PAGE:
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    Layer biryani from down South beckons at Cape Comorin

    Hankering for some home-style Kanyakumari cooking? Adyar’s revamped and refurbished Cape Comorin may just fit the bill. Given a complete makeover by its new owners, Anand Rajasekaran and Zubair Mohammed, the 50-seater restaurant stands out with enough car parking to put most office buildings in Chennai to shame. The interiors of the three-week-old place are simplistic, “My wife did the designs,” smiles Rajasekaran, who left England after 13 years of working there as a data architect. Having followed his desire to start a restaurant, Cape Comorin is something of a melange of his favourite dishes from his hometown in the district of Kanyakumari.

    “All the specials from Kanyakumari are branded with a ‘Cape’ tag so they stand out on the menu,” he explains. The maroon menu is what you would expect from your average friendly-neighbourhood-restaurant — Indian, Tandoor, Chinese, except for the authentic Southern food. Beginning with extremely fluffy appams, we find that the Cape prawn masala is the perfect foil: the delightfully tangy, oily masala masking the inevitably rubbery tank-cultured prawns. Incidentally, the Cape traditional mutton soup has the potential to be your new best friend, if you’re nursing a sore throat.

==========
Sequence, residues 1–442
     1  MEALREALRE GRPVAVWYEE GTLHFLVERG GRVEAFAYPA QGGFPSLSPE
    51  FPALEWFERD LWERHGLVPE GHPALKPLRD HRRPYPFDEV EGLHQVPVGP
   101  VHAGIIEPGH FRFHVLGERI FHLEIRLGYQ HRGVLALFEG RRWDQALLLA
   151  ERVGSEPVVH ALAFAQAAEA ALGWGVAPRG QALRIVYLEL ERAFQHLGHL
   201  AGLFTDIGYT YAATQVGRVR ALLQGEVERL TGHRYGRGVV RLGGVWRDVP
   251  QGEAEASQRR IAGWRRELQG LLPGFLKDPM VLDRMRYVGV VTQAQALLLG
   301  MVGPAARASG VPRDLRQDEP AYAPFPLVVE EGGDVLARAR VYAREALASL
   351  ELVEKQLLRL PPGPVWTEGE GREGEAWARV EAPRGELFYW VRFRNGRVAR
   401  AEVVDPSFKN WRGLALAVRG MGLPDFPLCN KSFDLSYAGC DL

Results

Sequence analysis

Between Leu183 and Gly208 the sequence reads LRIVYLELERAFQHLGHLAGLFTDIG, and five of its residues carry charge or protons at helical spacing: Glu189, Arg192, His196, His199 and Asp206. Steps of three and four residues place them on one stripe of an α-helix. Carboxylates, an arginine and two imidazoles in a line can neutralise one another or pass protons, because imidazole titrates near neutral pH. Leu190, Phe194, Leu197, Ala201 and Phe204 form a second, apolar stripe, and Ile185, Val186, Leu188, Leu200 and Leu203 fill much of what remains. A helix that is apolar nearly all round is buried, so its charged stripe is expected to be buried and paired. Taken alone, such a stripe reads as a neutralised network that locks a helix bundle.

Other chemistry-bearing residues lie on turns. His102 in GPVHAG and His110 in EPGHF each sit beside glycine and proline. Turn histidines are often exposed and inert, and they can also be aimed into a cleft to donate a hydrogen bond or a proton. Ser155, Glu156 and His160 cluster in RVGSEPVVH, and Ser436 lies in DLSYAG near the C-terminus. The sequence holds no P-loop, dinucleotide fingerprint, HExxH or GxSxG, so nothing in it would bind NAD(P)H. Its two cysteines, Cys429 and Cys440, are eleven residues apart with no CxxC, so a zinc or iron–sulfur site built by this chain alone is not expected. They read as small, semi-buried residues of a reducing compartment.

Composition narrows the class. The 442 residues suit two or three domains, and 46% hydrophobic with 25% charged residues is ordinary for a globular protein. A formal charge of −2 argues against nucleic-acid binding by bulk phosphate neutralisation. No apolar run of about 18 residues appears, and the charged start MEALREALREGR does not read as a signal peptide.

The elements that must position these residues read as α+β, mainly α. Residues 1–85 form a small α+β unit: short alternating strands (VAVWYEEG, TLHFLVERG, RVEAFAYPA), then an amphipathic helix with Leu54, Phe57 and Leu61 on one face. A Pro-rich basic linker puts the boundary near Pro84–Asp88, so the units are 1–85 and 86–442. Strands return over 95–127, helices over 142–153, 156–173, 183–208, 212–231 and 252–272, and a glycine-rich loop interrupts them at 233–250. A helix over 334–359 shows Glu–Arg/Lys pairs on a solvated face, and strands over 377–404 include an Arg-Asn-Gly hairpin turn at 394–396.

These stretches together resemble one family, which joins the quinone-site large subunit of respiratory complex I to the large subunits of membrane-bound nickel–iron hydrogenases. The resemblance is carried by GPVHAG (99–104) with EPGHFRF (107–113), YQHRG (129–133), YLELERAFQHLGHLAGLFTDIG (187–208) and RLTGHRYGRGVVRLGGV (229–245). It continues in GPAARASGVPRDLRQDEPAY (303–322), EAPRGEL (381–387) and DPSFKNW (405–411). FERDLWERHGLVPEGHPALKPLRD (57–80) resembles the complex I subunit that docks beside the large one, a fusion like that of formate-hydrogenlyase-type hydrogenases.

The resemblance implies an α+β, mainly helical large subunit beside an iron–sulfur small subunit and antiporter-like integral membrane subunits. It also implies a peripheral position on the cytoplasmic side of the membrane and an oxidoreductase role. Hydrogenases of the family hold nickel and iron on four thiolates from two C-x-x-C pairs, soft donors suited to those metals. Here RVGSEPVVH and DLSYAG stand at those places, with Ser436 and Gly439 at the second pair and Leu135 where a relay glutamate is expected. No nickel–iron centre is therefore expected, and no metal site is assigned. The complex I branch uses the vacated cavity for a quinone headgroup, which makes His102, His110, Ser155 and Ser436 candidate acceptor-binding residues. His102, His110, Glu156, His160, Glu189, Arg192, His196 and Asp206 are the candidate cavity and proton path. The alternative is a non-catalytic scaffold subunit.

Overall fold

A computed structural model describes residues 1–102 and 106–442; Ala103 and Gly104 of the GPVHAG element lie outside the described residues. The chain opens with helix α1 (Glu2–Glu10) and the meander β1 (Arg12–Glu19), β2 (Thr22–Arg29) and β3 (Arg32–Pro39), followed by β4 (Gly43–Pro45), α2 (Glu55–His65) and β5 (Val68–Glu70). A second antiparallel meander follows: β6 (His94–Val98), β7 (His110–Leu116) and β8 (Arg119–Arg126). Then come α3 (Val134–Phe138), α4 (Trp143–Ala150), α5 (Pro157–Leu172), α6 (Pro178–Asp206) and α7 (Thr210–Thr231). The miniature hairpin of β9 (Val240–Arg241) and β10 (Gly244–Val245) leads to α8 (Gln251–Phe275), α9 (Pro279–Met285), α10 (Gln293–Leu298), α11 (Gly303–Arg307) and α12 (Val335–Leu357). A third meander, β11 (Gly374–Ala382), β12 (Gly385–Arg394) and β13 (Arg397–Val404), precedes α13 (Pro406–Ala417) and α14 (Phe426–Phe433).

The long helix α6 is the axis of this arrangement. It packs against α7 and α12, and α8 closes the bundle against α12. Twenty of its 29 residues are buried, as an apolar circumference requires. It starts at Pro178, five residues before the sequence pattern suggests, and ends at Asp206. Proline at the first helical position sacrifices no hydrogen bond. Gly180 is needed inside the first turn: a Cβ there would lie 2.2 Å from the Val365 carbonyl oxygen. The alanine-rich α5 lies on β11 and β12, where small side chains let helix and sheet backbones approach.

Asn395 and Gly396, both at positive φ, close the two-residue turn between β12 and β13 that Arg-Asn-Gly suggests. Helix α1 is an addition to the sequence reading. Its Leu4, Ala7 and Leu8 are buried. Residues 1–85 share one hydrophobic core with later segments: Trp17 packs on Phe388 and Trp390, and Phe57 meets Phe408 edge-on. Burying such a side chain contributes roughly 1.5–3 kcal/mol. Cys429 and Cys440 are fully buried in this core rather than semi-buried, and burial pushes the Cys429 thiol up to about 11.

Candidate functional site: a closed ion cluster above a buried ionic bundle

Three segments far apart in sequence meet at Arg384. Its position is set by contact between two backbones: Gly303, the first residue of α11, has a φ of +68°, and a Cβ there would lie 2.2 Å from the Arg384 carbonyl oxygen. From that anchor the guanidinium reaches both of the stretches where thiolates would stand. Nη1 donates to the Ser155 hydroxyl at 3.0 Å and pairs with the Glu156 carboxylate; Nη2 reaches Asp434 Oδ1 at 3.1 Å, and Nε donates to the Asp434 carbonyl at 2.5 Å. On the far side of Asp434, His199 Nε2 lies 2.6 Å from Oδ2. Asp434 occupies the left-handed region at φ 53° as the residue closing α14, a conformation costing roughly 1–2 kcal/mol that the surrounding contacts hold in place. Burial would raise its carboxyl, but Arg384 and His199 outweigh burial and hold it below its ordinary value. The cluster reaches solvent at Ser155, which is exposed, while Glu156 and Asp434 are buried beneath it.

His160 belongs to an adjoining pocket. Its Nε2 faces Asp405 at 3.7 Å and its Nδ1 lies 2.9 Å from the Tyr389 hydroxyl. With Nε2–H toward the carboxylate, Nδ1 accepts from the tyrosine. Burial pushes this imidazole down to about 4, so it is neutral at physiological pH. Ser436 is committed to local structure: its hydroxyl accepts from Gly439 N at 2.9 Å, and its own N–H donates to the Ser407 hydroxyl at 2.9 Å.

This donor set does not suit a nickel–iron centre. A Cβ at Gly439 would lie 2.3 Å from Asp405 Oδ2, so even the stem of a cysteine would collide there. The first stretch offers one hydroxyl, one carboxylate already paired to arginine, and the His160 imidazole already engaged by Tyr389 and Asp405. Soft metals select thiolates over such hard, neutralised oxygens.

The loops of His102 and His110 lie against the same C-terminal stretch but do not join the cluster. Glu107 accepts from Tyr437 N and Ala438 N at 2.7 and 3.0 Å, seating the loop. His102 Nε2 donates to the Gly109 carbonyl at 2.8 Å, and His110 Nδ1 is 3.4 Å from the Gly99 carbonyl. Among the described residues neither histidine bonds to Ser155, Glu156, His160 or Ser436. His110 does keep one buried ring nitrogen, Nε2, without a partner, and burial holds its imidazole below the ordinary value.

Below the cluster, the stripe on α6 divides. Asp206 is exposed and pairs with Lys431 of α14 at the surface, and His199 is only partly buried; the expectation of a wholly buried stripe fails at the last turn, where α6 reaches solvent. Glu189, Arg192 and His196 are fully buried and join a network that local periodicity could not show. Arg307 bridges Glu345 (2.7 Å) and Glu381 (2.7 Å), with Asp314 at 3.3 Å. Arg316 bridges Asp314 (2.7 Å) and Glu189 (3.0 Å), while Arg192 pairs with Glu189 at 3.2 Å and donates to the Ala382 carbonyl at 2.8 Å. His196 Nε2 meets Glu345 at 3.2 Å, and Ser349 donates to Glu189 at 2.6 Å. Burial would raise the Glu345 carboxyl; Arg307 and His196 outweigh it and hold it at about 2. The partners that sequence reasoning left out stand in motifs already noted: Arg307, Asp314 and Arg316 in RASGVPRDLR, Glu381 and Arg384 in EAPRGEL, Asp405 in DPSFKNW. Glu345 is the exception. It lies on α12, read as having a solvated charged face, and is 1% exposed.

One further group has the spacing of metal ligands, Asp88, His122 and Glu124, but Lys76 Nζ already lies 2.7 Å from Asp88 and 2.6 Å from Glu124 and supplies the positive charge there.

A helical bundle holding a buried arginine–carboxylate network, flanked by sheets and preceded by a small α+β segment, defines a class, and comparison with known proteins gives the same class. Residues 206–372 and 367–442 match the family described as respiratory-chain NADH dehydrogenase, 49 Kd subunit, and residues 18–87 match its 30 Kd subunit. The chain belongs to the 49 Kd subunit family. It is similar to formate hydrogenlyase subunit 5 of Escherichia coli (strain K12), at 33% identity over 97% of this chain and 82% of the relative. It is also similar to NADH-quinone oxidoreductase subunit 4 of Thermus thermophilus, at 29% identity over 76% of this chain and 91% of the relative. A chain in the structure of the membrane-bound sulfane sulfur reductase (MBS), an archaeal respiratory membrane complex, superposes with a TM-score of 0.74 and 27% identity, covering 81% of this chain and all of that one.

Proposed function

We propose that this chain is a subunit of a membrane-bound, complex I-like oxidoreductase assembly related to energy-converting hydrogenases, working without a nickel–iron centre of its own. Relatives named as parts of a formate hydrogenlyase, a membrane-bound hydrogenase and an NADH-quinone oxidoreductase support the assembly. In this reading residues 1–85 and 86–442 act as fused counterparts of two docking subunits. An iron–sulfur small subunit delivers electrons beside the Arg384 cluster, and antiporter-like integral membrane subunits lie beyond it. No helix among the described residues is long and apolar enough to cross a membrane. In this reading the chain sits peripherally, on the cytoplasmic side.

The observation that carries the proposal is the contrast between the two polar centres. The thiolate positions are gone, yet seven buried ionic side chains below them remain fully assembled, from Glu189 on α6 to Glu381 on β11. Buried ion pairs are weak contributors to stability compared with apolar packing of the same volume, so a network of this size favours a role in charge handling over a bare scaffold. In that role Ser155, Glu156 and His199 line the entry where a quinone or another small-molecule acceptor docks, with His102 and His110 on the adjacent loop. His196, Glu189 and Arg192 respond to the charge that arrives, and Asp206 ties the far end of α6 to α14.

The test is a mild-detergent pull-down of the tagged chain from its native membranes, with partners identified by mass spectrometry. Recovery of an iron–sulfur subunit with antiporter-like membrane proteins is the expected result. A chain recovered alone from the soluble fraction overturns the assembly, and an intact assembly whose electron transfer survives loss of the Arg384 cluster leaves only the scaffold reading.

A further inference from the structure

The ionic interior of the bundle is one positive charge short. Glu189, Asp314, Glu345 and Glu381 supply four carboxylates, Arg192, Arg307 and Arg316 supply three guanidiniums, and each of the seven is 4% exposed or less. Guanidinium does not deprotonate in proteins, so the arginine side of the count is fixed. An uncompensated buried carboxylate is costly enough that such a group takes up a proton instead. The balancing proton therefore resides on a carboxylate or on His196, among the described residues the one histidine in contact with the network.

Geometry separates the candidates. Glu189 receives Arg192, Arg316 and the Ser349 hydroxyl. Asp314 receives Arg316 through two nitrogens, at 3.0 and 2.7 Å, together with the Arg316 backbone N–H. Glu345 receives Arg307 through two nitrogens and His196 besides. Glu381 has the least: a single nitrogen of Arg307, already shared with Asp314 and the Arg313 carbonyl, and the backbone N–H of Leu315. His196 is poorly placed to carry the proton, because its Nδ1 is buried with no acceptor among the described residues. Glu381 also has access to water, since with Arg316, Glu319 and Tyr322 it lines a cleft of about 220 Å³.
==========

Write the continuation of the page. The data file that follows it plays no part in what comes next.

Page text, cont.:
The centrepiece of the menu is the Cape layer biryani — a dish that requires skill to prepare, temper and serve, failing which it could turn out to taste like “tomato rice,” as Rajasekaran admits. For people who have never tried it before, the biryani may seem bland by ‘normal’ standards, but the delicate flavour is a true delight for people from the Comorin belt. And if you don’t mind runny eggs, give the Cape masala poached eggs a go — you won’t be disappointed.

    Meal for two at approximately Rs. 600. Details: 9500000973

    -Daniel Thimmayya

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